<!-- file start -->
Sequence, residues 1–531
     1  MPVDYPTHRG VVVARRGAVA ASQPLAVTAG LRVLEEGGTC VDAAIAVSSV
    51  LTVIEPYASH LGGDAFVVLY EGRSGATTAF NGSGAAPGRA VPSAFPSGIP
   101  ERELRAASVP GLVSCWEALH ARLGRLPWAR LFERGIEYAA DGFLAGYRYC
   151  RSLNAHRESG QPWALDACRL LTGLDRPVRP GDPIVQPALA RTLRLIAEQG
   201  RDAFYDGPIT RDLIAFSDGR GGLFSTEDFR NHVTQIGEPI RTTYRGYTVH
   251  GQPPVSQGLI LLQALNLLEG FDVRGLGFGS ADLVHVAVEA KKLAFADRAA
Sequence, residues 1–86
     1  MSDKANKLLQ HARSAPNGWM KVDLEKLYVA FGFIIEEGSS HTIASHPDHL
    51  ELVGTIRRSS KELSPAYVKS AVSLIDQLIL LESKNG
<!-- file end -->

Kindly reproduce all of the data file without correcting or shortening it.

Sequence, residues 1–531
     1  MPVDYPTHRG VVVARRGAVA ASQPLAVTAG LRVLEEGGTC VDAAIAVSSV
    51  LTVIEPYASH LGGDAFVVLY EGRSGATTAF NGSGAAPGRA VPSAFPSGIP
   101  ERELRAASVP GLVSCWEALH ARLGRLPWAR LFERGIEYAA DGFLAGYRYC
   151  RSLNAHRESG QPWALDACRL LTGLDRPVRP GDPIVQPALA RTLRLIAEQG
   201  RDAFYDGPIT RDLIAFSDGR GGLFSTEDFR NHVTQIGEPI RTTYRGYTVH
   251  GQPPVSQGLI LLQALNLLEG FDVRGLGFGS ADLVHVAVEA KKLAFADRAA
Sequence, residues 1–86
     1  MSDKANKLLQ HARSAPNGWM KVDLEKLYVA FGFIIEEGSS HTIASHPDHL
    51  ELVGTIRRSS KELSPAYVKS AVSLIDQLIL LESKNG